On Wednesday, Gunnison-based playground equipment manufacturer, ID Sculpture, sent the last of three flatbed semi truck shipments of concrete castings to Denver for the first phase of a $1.5 million public art project called “People’s Bridge of the Sun.” The ID Sculpture team was approached by Denver-based artist, David Ocelotl Garcia, to help bring his designs to life with castings.
Fourteen years ago, David Ocelotl Garcia designed and painted his first mural: a tribal, Mexican-inspired scene depicted across the side of a community organization’s building in the Sun Valley neighborhood of west Denver
“The community embraced it as their own, and I wanted it to be this positive imagery that would manifest in the community while embracing culture and heritage,” David said.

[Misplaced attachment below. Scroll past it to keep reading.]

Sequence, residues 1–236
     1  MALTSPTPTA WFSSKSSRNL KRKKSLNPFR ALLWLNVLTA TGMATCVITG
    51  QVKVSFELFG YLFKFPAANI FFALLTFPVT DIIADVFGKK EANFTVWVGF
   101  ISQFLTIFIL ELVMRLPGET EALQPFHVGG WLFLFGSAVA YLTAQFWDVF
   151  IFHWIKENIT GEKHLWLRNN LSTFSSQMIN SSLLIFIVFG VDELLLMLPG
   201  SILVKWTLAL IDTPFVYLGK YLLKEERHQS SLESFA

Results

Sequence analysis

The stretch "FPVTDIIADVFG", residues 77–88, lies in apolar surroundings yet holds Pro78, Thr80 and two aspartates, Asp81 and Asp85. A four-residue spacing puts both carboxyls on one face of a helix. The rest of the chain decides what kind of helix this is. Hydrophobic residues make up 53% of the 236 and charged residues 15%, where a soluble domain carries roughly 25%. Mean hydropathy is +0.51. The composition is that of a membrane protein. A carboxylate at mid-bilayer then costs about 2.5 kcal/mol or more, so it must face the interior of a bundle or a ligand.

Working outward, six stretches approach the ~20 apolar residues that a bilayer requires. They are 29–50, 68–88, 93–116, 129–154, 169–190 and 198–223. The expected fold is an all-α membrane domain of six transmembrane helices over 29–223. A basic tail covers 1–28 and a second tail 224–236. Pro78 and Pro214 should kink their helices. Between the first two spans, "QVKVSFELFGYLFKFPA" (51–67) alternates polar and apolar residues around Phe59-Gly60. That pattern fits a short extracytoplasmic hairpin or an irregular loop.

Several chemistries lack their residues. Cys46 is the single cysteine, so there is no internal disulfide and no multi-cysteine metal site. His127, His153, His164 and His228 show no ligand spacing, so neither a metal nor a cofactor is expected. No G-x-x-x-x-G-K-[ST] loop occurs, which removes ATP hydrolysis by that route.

Efforts to preserve and restore the artwork will get a significant boost Wednesday with the announcement that Colorado’s Chicano murals are on the National Trust for Historic Preservation’s annual list of America’s most endangered historic places.
They are the first murals in the nation to make the list in its 34-year existence, and the first Colorado entry since Larimer Square was ranked in 2018.
The Space Between David Ocelotl Garcia’s and Norman Rockwell’s Freedom of Worship
An anthropologist, educator, and Chicano/a murals scholar looks at artist David O. Garcia's dynamically colorful reimagining of Norman Rockwell's 1940s-era Freedom of Worship.